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Thread: Antimatter generation

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    Antimatter generation

    Presently, our ability to make antimatter is severely limited, a few particles at a time. I know there are methods proposed to mine small amounts of antimatter from planetary magnetospheres, but how about manufacturing it? Are there possible means for producing antimatter at higher rates than we do today, perhaps enough to expend on some practical uses?
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    Unfortunately I donít think there are. The problem isnít so much the production, because it is even produced by natural processes like beta decay, lightning and cosmic rays. The problem is isolating it from matter, and that is really tough. You need a vacuum and a magnetic field to stop the antimatter from coming in contact with the container. So getting the antimatter from the production into storage is really tough.


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    Quote Originally Posted by Jens View Post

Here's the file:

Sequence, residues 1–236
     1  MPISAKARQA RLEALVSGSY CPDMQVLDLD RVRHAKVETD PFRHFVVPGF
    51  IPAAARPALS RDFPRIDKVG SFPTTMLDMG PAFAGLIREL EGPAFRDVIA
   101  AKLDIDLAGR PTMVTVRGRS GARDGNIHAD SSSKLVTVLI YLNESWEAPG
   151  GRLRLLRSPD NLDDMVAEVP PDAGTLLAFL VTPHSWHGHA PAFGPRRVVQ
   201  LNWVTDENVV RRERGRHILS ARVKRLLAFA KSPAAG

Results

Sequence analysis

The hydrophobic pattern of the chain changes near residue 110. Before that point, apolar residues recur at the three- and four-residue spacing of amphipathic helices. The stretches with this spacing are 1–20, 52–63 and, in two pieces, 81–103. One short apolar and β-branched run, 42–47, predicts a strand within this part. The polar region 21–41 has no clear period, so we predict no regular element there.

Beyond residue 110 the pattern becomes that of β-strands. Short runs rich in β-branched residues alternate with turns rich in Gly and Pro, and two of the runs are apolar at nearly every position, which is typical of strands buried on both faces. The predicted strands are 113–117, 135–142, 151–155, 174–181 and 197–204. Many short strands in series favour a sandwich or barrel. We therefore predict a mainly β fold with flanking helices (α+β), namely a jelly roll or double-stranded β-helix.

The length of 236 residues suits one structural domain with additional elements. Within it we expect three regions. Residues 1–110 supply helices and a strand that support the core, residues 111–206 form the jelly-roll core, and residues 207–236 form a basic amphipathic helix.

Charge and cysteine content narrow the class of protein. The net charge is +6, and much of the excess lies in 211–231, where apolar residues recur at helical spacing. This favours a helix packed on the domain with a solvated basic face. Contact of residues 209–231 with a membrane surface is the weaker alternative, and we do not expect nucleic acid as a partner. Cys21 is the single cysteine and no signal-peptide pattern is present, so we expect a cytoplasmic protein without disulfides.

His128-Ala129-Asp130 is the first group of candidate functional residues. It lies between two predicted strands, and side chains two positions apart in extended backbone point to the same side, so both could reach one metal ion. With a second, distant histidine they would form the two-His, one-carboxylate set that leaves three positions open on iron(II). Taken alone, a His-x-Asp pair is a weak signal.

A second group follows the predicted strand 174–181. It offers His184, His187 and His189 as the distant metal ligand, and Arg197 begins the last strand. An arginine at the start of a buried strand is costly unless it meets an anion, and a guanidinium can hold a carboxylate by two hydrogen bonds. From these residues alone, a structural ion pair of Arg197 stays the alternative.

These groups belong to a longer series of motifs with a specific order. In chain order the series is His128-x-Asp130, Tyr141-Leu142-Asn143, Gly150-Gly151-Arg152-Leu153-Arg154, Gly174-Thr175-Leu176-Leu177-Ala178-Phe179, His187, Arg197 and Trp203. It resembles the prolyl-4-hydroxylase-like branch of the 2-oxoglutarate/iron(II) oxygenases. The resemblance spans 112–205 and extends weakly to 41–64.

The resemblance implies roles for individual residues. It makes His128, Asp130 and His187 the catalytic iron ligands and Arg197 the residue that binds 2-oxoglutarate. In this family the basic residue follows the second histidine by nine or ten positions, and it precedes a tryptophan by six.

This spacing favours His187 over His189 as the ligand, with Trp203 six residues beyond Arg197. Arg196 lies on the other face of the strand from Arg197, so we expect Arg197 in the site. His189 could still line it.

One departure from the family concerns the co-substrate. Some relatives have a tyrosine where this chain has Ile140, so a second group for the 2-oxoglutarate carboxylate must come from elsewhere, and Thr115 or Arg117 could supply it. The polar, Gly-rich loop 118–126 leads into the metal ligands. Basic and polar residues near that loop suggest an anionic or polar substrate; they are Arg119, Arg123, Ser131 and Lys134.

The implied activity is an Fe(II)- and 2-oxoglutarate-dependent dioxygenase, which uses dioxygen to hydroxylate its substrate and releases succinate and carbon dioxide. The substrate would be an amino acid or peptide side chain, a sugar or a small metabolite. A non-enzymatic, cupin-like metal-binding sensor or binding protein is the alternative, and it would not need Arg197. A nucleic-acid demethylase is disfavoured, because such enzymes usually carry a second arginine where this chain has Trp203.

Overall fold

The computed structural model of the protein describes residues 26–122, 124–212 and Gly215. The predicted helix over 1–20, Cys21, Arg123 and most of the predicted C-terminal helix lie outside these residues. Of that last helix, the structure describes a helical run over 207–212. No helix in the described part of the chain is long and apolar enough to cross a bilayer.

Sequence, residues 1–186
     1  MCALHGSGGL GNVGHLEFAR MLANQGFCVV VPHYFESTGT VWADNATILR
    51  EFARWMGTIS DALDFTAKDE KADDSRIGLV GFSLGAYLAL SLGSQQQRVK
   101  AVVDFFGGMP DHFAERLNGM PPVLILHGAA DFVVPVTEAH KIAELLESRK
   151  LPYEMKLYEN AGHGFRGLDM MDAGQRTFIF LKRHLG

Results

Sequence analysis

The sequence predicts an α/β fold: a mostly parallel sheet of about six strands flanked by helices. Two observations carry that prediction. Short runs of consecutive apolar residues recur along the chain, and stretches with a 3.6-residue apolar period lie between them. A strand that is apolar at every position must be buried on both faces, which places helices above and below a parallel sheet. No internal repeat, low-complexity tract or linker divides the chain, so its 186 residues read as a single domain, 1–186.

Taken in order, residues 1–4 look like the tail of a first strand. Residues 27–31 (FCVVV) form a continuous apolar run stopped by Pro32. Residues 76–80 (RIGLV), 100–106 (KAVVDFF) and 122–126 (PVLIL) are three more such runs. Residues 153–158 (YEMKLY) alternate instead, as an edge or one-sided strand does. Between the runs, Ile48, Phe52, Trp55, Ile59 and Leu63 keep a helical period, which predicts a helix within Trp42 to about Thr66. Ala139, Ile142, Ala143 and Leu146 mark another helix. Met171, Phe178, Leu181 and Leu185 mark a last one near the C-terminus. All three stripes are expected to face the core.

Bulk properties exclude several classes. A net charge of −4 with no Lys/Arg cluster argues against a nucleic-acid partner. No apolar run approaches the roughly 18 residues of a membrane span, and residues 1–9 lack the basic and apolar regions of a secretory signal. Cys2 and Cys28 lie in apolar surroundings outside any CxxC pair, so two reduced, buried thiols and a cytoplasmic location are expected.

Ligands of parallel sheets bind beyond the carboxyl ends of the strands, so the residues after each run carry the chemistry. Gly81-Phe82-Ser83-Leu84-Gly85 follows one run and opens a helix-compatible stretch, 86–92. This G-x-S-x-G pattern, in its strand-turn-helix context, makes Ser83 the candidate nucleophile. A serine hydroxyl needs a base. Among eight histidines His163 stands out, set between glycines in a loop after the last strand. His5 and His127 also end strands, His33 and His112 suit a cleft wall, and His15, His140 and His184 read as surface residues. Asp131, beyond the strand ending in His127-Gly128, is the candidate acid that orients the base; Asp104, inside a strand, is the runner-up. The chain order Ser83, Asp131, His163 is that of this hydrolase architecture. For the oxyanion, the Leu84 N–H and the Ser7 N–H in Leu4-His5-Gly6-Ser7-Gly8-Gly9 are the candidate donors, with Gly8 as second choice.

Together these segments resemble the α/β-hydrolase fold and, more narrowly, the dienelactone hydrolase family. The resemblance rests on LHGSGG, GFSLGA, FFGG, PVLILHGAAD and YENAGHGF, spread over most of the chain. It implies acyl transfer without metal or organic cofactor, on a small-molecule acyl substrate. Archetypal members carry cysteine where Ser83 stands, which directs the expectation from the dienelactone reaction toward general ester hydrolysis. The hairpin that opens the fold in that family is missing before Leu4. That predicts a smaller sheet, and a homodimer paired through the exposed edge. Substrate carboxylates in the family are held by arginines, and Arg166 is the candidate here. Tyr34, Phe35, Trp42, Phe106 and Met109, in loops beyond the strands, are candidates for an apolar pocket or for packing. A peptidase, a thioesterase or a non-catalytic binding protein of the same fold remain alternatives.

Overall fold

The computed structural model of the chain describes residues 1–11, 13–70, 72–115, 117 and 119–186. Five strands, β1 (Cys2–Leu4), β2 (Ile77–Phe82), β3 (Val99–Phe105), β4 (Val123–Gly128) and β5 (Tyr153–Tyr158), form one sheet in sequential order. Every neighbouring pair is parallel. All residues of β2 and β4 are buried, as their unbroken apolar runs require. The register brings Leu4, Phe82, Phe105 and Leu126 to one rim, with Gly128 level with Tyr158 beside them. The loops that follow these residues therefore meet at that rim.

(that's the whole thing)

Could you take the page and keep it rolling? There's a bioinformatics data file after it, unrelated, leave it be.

Unfortunately I don’t think there are. The problem isn’t so much the production, because it is even produced by natural processes like beta decay, lightning and cosmic rays. The problem is isolating it from matter, and that is really tough. You need a vacuum and a magnetic field to stop the antimatter from coming in contact with the container. So getting the antimatter from the production into storage is really tough.
    And the magnetic field only works if you are dealing with charged particles, rather than atoms. Even then it doesn't work very well.

    I'm not even sure what the uses of larger amounts of antimatter would be.

    Also, to generate 1 gram of antimatter would require roughly the energy of a 20 kiloton nuclear bomb. Not sure how practical that is.
    Last edited by Strange; 2019-May-19 at 10:15 AM. Reason: typo

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    Quote Originally Posted by Strange View Post
    Also, to generate 1 ram of antimatter would require roughly the energy of a 20 kiloton nuclear bomb. Not sure how practical that is.
    At present efficiencies, yes.
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    Quote Originally Posted by Noclevername View Post
    At present efficiencies, yes.
    That is assuming 100% efficiency.

    Actually, it might be assuming 200% efficiency, because I don't think you can generate antimatter without generating an equal amount of matter.

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    Here's a paper from 2006 that suggests ways of optimising antimatter production, with a view to manufacturing weapons.
    https://arxiv.org/abs/physics/0507125